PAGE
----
How to avoid making a mess of your redress


When these complex structured products were first offered to SMEs, few could have foreseen the banking system’s near meltdown just a few years later, and the sustained period of rock bottom interest rates that followed.

For the thousands of small businesses who took out IRHPs, what should have been a hedge against rising interest rates turned into a millstone – as interest rates fell, the charges they paid for their IRHPs rose dramatically. Now the FCA has concluded that many of the high street banks mis-sold these complicated financial instruments to business owners who neither needed nor properly understood them.

For many SMEs who were mis-sold these complex products, redress letters from the banks are now coming through in waves. Although the process started slowly, banks seem to have gotten their act together and cases are now moving through the redress process faster. This is partly because they have been given little choice by the FCA, who has come down hard on the banks for this huge failing to their SME clients. However, it does now seem that the race is on as banks compete against one another to see who can deal with the most cases the quickest.

The FCA states that RBS is in the lead and currently has the highest number of cases currently under consideration – but this is more a reflection of the sheer volume of cases they have to deal with.

Most customers are now beginning to receive the attention they deserve from the banks, however, here are some things to consider regarding any Consequential Loss claim:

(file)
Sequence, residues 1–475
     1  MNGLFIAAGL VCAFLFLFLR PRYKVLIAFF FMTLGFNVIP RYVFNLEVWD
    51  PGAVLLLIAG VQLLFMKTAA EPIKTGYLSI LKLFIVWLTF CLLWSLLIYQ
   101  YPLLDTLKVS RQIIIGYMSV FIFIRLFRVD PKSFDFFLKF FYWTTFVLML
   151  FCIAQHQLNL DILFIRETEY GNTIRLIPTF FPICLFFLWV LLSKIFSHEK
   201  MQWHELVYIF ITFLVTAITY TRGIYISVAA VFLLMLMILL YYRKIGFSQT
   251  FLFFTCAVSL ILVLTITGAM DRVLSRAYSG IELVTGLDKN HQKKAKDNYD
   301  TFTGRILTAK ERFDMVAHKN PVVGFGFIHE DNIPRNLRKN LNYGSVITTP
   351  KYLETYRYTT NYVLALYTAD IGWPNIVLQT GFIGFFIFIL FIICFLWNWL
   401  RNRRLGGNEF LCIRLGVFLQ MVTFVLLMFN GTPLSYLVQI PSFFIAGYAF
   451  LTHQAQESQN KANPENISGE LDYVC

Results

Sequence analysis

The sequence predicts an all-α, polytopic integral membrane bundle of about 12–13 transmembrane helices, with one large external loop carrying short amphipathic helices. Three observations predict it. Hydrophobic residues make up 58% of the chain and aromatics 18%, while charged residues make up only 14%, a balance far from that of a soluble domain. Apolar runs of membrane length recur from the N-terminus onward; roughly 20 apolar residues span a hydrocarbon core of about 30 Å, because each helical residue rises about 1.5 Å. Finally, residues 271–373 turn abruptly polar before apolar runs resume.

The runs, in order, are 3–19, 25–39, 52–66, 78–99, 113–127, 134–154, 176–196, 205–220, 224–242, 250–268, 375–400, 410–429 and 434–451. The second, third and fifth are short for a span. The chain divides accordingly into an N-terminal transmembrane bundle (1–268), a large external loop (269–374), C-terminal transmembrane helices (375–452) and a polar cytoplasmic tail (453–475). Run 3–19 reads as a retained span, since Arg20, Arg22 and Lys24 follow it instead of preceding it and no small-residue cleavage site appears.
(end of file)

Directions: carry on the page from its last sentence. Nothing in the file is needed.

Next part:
· Insolvency – there is currently very little support for companies that have gone under as a result of a SWAP. An added complication is that an insolvency practitioner dealing with a company that was a mis-sold SWAP will not have the same incentive or information as the business owner to chase after consequential losses.

· Not everyone wins – it is important to be realistic about consequential loss claims. For every claim that will succeed there are several that will not. This is due to an array of reasons – the biggest being that often a company cannot prove the connection between mis-selling by the bank and the resulting losses for the company.

Banks may pay fees –it is not uncommon for banks to pre-approve the fees for a forensic accountant’s report so it is worth looking into professional help.

· Time is of the essence – when a customer receives a redress letter asking them to provide details of their consequential losses, they usually have 28-40 days to do this – a very short amount of time. This adds pressure to companies, which can lead to bad decision-making.

Rafi Saville, partner at chartered accountants HW Fisher & Co